In making an investment decision for a long-term hold, there is generally more confidence to deploy capital in the urban core, as these are perceived as the stable economic anchors in the local economy. However, that thinking is changing as the current cycle wears on, as apartment investors are turning their attention to suburban assets.
Apartment transaction data from Real Capital Analytics® shows that increased investment in the suburbs is causing prices for those assets to rise and cap rates to fall. Meanwhile, investors are finding the volume of urban core assets available for purchase more scarce, both from an availability and pricing standpoint. In turn, appreciation in the urban core has essentially stalled, and cap rates have remained at low levels. Those trends have resulted in prices and cap rates narrowing among urban and suburban areas.
Among the top 50 U.S. markets, excluding New York City, appreciation for all apartment assets has picked up significantly since mid-2014. In total, the average price per unit bought and sold over that time has risen 45.6%, landing at $160,000 as of mid-2018. At the same time, cap rates have decreased 60 basis points, to 5.4%.
These overall trends mirror movements seen in suburban areas. The average price per unit in the suburbs has risen 48.4% since mid-2014, compared to an overall increase of 22.1% for urban assets. Likewise, cap rates have decreased 70 basis points (bps) in the suburbs and only 20 bps in urban areas.
Lesser price appreciation in urban areas reflects that prices for those assets have essentially plateaued over the past four years. The average price per door has remained around $235,000 to $255,000 over that time, with relatively little upward momentum.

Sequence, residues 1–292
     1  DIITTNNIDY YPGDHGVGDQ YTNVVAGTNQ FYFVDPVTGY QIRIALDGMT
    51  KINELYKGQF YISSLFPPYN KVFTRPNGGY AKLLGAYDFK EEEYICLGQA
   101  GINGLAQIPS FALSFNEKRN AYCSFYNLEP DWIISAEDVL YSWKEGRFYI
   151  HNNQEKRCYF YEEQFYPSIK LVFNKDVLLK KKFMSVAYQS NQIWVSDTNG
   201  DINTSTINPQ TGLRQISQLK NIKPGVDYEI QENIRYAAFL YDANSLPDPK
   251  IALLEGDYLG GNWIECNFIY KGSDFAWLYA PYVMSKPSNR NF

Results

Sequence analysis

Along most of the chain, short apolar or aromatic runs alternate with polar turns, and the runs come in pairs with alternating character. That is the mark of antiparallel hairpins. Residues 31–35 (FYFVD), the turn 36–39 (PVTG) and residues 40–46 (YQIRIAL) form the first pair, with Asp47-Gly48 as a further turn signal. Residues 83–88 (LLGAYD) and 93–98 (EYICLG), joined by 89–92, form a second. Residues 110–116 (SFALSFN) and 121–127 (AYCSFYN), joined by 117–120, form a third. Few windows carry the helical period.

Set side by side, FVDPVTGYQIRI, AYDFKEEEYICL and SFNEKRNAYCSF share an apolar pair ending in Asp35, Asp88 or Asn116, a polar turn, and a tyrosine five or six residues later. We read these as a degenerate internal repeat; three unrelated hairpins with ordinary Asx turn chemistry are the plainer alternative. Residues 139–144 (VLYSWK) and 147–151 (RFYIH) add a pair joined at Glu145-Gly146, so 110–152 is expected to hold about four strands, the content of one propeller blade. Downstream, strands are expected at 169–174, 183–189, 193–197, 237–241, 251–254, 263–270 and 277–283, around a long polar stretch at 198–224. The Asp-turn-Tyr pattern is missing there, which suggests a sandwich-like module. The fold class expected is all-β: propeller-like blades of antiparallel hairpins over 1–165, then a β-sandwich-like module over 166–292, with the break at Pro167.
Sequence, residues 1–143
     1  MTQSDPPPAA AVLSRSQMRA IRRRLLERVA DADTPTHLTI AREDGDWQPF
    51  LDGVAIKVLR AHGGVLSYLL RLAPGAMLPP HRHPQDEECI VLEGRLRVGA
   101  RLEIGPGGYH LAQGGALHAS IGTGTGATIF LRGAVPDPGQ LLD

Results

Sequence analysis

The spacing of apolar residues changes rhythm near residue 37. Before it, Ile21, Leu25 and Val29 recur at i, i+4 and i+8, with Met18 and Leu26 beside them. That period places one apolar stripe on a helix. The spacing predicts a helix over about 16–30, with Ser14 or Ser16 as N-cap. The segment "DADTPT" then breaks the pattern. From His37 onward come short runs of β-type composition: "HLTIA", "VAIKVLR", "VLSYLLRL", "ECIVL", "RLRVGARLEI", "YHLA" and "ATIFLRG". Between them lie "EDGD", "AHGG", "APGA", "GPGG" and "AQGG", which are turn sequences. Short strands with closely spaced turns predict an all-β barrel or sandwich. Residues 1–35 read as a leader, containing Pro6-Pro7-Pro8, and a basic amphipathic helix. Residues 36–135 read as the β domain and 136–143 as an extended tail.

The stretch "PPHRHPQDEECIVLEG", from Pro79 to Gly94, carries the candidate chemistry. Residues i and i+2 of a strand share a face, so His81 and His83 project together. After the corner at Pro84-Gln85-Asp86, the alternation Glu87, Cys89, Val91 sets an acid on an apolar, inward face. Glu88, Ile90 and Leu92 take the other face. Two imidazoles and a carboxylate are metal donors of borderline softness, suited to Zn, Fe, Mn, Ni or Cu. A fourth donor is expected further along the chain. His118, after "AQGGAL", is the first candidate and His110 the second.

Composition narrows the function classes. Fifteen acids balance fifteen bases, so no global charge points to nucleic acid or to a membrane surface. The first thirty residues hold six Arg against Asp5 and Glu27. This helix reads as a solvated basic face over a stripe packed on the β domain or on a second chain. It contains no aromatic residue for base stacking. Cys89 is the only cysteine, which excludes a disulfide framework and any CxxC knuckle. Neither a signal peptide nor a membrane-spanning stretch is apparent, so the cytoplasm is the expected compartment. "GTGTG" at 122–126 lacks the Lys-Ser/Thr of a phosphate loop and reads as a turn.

With these trends, the suburbs are making up ground in terms of pricing. An average suburban asset sold for $148,000 per door in mid-2018, roughly 75% less than an urban asset. While that’s still a large gap, it’s well under the difference seen in mid-2014, when urban units were more than double that of the suburbs. On average, urban units have garnered roughly $116,000 more per unit since mid-2014.
Urban properties maintaining such a price premium over their suburban counterparts reflects that investors remain confident in these areas over the long term. These areas remain employment hubs in most markets, and are attractive to high-income young adults. For these and other reasons, urban areas generally command higher rents. In 2nd quarter 2018, an apartment located in the urban core had an average effective rent of $1,862, while suburban rents were considerably lower at $1,262 in the top 50 markets studied.
Some of that thinking has extended in recent years to suburbs with healthy employment growth and favorable demographics. However, performance across suburbs is varied, with high-performers and laggards among them. In short, not all suburbs offer equal investment opportunities, so transaction activity varies by location.
Apartment pricing and performance trends in both urban and suburban areas have influenced cap rates. In urban areas, cap rates, like pricing, haven’t moved much over the past four years, remaining around 5%. Cap rates for urban assets landed at 4.9% in mid-2018. Meanwhile, suburban cap rates landed at 5.4% in mid-2018, just 50 bps higher than in the urban core.
That spread is one of the lowest since the cycle began in 2010. The spread narrowed to just 20 bps in mid-2012, as cap rates registered 5.9% in the suburbs and 5.7% in the urban core. But in the quarters soon after, divergence occurred, as cap rates in urban areas began to compress, but suburban cap rates didn’t budge. In the suburbs, it wasn’t until the end of 2014 when significant movement occurred in suburban areas and cap rates there fell.